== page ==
IN PHOTOS: PH breakdancing breakthrough

Mark Demayo

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Filipino break dancer is champion in the regional finals of the R16 Korea World B-boy Masters Championship

MANILA, Philippines – Jesse Gotangco was crowned champion in the regional finals of the R16 Korea World B-boy Masters Championship for the solo category held in Singapore last June 22.

Out of 30 dancers from 7 countries, the 24-year-old Gotangco, known as “Reflex,” stood victorious, earning him a spot in the world finals to be held in Seoul, Korea on July 13. There he will be pitted against 15 other world class dancers from various countries.

Coming from his biggest win in his dancing career yet, he still finds it unbelievable.

“I had to double check my hand (during the winner’s announcement), because I was not just representing the Philippines, but the whole of Southeast Asia to win that jam,” he recalled.

This will be his second appearance in the 4-day urban arts festival supported by the Korean Tourism Organization, the Korean Ministry of Culture, Sports and Tourism, and the city of Incheon.

In 2010, he was invited along with two of his crewmates, merging with 5 Pinoy-blooded bboys (or break dancers) to compete in the crew category as Project P-Noise.

For Reflex, the win showed that Philippine bboys can make it big internationally.

“Here in the Philippines, I win some battles, I lose some battles. Pinoy bboys can make it big outside because they have mad talent. If I can do it, they can make it big too,” he said.

The professor

Reflex is a Fine Arts graduate from the Ateneo de Manila University. He received a special Arts Excellence in Dance award during graduation.

He has been a member of Battlekrew Philippines since 2005; Company of Ateneo Dancers since 2006; and in 2007 founded his current crew Soulstice. He is also a member of a hip-hop dance group, The Project and Locomotion Crew Worldwide.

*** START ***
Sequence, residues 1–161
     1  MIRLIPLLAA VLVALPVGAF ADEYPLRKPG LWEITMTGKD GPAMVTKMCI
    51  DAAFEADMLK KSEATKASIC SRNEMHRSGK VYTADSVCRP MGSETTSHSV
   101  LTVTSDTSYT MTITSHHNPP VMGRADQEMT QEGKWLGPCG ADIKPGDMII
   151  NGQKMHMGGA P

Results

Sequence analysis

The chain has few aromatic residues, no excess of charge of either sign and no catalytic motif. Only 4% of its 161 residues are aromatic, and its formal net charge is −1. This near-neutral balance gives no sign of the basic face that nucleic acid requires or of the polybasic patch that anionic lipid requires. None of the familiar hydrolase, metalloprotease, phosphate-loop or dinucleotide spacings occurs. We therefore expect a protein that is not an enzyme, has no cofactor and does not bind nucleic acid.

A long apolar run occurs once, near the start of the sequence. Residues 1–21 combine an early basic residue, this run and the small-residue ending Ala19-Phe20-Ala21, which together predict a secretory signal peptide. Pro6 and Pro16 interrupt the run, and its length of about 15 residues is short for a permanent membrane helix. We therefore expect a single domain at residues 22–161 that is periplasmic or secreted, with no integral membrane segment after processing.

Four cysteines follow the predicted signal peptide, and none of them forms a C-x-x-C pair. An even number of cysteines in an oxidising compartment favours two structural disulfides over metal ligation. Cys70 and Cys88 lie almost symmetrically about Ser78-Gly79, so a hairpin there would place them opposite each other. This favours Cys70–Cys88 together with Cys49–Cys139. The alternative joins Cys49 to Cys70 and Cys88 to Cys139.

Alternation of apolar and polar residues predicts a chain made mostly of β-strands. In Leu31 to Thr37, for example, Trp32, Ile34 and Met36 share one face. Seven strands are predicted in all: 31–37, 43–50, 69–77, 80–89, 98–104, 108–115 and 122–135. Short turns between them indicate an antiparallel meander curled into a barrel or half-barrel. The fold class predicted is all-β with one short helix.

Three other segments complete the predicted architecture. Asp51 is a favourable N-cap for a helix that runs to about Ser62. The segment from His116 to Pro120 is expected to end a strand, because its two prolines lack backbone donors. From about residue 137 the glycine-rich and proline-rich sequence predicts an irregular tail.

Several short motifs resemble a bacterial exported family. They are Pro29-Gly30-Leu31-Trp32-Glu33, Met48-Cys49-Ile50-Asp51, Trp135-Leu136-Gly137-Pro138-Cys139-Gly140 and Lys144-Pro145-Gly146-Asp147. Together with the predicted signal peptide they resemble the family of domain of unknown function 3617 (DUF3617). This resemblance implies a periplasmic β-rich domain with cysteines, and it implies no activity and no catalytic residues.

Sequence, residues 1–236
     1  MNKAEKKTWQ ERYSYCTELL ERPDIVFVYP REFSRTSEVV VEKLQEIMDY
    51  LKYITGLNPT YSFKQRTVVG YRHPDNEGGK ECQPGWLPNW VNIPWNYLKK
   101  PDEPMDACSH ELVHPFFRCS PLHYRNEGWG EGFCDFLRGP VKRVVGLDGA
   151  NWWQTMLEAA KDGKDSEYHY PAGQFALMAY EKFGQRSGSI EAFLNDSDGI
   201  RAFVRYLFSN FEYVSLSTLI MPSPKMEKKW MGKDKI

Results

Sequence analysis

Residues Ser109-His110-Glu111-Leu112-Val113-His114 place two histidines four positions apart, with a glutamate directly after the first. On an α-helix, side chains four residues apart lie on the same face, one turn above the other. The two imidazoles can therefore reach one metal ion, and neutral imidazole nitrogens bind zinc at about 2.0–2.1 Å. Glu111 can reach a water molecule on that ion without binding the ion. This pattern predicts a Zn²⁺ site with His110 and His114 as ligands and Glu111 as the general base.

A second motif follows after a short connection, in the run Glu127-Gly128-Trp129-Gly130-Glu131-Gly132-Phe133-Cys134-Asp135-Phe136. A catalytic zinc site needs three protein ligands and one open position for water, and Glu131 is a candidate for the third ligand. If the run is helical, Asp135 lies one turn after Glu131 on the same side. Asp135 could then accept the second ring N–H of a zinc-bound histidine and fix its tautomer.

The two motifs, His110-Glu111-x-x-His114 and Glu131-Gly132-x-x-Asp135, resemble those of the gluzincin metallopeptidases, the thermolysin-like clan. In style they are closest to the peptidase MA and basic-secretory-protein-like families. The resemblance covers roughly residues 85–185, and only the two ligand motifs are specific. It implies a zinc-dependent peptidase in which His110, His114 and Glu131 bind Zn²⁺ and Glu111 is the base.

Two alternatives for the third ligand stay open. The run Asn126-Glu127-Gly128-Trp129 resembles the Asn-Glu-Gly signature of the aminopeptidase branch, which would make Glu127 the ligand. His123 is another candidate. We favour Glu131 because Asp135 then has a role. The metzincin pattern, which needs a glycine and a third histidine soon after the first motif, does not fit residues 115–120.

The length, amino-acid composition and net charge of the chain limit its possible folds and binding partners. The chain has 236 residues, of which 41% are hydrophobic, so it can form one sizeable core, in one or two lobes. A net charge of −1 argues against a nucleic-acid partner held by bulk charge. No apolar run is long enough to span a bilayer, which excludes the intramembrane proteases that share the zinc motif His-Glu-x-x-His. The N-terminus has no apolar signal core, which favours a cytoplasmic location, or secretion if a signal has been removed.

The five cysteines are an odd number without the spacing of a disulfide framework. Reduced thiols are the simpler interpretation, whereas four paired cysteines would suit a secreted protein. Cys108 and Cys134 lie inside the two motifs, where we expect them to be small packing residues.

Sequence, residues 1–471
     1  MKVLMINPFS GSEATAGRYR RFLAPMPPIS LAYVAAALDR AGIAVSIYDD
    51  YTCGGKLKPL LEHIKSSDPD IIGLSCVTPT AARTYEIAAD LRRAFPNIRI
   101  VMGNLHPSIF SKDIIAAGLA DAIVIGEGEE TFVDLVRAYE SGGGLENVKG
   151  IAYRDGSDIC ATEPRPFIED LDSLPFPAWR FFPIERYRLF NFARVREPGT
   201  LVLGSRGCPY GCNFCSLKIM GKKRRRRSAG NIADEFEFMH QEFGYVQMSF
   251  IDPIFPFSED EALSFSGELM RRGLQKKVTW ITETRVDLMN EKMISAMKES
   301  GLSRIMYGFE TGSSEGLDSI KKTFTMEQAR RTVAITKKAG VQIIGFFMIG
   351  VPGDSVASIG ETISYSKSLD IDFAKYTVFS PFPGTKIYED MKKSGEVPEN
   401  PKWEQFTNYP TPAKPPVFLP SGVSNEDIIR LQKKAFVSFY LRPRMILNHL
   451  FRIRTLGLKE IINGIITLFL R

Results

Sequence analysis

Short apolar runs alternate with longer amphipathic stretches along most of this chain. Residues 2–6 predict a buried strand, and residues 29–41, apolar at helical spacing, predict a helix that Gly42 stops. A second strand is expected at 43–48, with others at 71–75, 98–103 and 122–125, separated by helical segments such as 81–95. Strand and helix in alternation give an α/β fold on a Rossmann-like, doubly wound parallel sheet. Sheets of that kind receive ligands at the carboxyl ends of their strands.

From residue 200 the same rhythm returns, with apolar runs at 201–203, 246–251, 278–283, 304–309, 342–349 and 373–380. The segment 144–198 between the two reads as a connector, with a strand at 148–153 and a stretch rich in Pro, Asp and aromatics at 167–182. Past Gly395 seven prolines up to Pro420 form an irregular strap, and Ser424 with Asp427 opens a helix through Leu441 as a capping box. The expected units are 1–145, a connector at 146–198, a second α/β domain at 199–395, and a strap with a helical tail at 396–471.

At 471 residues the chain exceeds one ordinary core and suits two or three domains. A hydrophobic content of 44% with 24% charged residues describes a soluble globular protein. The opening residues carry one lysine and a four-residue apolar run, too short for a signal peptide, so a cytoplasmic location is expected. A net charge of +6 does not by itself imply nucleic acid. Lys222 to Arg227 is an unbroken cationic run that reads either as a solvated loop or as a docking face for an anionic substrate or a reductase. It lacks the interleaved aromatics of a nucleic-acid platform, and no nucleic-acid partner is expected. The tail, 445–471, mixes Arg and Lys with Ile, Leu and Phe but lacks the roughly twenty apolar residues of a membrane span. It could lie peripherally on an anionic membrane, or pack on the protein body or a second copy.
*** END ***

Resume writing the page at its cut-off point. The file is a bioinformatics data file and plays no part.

Since then, he trained in workshops under various bboys worldwide and competed nationally and internationally in different events on his own and with a crew. Some prominent events he attended include the World Hip Hop Championships and Red Bull BC One South East Asia.

Currently he teaches breaking and street dance in Ateneo and in other dance studios in Metro Manila.

“It has been my goal as a dancer to bring street dances into the academe. Part of my goal is to create awareness for what it is. These are students, the future of the country; at least they know what bboying and street dance is and they can treat it in a professional sense and so they know what we’re doing isn’t a joke,” he said.

“A lot of students are having fun. They are getting more educated on what the dance styles are, what they mean, their history and that they are actually art forms,” he added.

Growth and ‘step up mentality’

Asked his opinion on the landscape of breaking in the Philippines, Reflex saw growth in the community.

“It’s definitely getting bigger and the quality of bboys is getting a lot better, but there’s still a lot of work to do,” Reflex said.

“Definitely it’s going up because of a lot of international events coming in, international bboys are coming in and local bboys are flying out. It’s just great that there’s representation, that the Philippines is getting known,” he added.

Despite the growth, there are still misconceptions about the dance from the perspective of the everyday Filipino.

“Everyone still has that ‘step up’, Hollywood type of perception in dancing. We’re not really treated in a professional sense yet,” Reflex lamented.

Hip-hop culture

Reflex believes the culture of hip-hop has the potential to flourish in the Philippines.

“Filipinos are great in art in general,” Reflex said.

“Hip-hop grew from nothing. Back in the day, kids made nothing but just themselves, just artistic expression,” he noted. Hip-hop actually started in New York during the gang era in the 70s characterized by poverty and violence. 

“Hip-hop means peace, love, unity, respect and having fun. It’s a culture where you can cultivate your own craft whether you choose dancing, music or whatever.”

“That’s where it started, where it grew because they needed positive change,” Reflex said.

“I think if they apply it here with the lower class, it would really help them through life in general, maybe even [uplift their social status].” –

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